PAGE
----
In one dreamlike sequence, Beirut airport is bombed. Folman stands, dismayed, looking out on mayhem through an observation window. The scene is reminiscent of Chris Marker’s “photo-novel,” La jetée, another hybrid work with a detention camp and amnesia. “Of a truth too fantastic to be believed, he retains the meaning: an unreachable country, a long way to go,” says Marker’s narrator, and Waltz with Bashir is also a meditation on the terrors and failures of memory, with Folman remorsefully seeking to make sense of his inability to remember. Eventually a confidant proposes a solution: the guilt is unmerited, a legacy of experiences unrelated to the massacre in Lebanon. But this potentially therapeutic idea falls away as soon as it is formulated; we immediately watch Folman move out of the sea once more, this time walking on until he is faced with the aftermath of the carnage — and then finally we are confronted by contemporary images of the event. The archive footage comes as a shock, but not a catharsis or an epiphany. Nothing seems settled. Distress and horror persist. At the close of this superb film we are, as in La jetée, back to the beginning and a dumbfounding anxiety.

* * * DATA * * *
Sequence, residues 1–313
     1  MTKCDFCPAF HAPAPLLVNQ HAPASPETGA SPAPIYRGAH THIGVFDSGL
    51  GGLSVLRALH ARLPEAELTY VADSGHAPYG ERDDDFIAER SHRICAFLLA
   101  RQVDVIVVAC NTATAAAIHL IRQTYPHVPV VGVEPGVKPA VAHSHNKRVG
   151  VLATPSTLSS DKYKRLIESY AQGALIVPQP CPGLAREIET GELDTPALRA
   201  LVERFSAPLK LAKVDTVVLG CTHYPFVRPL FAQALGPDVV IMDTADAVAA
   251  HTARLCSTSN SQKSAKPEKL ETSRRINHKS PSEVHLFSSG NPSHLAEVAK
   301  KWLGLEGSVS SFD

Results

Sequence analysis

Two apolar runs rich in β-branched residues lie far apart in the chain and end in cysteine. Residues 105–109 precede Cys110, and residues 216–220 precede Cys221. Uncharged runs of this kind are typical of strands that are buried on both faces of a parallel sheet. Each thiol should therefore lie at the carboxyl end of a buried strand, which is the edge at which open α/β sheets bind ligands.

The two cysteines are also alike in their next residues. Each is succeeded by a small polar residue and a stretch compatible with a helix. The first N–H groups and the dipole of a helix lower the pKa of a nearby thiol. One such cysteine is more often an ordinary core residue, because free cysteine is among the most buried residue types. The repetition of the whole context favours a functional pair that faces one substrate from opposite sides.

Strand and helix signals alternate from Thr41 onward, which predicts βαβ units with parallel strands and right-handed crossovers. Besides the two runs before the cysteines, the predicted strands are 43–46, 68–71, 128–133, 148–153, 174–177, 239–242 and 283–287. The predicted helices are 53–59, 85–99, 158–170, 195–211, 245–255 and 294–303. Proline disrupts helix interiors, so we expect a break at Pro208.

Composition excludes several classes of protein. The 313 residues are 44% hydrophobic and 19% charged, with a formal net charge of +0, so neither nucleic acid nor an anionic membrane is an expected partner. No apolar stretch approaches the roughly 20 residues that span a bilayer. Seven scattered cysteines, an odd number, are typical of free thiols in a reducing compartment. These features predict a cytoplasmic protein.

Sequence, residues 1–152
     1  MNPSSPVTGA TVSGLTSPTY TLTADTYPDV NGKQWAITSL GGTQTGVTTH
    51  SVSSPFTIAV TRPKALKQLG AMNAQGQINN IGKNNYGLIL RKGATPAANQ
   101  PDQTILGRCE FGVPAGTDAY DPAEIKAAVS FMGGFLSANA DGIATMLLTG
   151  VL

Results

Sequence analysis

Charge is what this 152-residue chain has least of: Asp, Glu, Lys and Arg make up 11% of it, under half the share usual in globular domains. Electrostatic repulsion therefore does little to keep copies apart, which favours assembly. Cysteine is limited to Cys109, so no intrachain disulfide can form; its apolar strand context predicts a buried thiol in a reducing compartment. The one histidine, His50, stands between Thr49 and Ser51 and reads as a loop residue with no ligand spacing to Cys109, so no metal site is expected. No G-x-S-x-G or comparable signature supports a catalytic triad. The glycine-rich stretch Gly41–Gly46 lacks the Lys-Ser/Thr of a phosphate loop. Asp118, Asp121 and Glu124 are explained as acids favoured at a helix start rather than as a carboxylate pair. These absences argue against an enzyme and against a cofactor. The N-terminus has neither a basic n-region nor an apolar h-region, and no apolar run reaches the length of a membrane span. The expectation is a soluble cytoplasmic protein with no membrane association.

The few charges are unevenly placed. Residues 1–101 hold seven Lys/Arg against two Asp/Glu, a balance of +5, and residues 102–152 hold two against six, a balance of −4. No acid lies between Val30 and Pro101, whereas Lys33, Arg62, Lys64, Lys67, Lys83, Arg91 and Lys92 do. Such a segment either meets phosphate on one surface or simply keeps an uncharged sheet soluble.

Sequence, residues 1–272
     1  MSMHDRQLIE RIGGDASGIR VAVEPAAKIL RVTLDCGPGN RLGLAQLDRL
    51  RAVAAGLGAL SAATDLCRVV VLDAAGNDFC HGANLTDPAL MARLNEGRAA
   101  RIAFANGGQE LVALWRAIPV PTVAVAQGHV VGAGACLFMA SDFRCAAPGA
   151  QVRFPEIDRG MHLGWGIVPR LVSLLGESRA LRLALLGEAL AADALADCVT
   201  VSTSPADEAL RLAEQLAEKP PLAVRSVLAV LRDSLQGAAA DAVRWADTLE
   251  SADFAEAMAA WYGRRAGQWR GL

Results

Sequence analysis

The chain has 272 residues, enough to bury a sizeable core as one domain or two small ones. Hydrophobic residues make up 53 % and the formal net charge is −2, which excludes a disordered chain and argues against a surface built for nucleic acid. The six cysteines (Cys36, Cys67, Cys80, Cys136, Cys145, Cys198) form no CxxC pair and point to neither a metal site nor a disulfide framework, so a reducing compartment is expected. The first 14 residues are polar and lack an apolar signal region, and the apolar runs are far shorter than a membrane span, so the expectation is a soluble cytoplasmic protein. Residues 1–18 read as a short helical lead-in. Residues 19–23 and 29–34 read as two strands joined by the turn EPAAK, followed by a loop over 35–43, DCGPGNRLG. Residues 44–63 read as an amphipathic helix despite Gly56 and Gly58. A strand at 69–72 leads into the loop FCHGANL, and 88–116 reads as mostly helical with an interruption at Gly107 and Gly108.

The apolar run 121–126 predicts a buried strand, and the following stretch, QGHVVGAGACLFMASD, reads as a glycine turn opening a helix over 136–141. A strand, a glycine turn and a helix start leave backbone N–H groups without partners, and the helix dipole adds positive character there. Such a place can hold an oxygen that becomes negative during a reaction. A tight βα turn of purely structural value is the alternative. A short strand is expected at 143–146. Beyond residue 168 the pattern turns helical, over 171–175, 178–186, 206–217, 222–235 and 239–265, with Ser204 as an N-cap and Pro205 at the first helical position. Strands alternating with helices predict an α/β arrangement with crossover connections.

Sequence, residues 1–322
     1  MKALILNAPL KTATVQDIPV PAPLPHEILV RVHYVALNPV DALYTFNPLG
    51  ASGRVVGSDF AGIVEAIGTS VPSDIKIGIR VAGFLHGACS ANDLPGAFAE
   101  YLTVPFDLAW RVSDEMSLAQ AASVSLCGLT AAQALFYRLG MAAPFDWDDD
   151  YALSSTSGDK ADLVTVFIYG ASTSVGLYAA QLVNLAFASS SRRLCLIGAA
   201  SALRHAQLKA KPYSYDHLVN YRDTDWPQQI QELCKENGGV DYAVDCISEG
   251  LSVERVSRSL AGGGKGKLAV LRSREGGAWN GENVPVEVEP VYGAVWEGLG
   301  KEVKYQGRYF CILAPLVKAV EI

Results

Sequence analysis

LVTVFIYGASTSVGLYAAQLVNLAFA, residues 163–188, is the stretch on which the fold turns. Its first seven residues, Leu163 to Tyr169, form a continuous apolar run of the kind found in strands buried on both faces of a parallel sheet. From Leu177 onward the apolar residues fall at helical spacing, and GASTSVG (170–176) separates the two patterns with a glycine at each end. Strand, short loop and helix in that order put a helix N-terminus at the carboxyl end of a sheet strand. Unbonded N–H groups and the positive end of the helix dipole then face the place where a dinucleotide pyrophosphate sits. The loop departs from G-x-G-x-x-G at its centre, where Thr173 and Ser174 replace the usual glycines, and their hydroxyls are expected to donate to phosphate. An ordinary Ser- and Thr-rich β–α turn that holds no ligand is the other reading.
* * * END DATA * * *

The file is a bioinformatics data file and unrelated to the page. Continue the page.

Hunger is an unsparing account of the death by starvation of the IRA prisoner Bobby Sands (Michael Fassbender) and the first feature by British art star Steve McQueen, the 1999 winner of the Turner Prize. It is a box of tricks. There is no unifying aesthetic beyond bravura stylistic juxtaposition. Sometimes McQueen uses off-angle (or blurred) close-ups, as with shots of bloody knuckles in a basin (which reminded me of Bresson’s L’Argent); at others he uses very long and wide takes, as when a prison warder sweeps down a urine-soaked corridor. The effect is often startling, but looked at closely the ostentation can seem gratuitous or paradoxically banal. In one shot, the screen is split between (on the left) a slow-motion beating of a prisoner and (on the right) a handsome warder sobbing at the brutality. This is like some “edgy” fashion-shoot spread, too clever—and too melodramatic—for its own good. Later, as Sands wastes away, shots of his emaciated and ulcerous body are intercut with a rustic scene from boyhood. Are we meant to reconcile the anti-psychological body horror with the heartstring-tugging nostalgia? Flashbacks of this kind work well when they are used integrally in films like Time to Leave or The Diving Bell and the Butterfly; in Hunger they seem like default ideas, even clichés.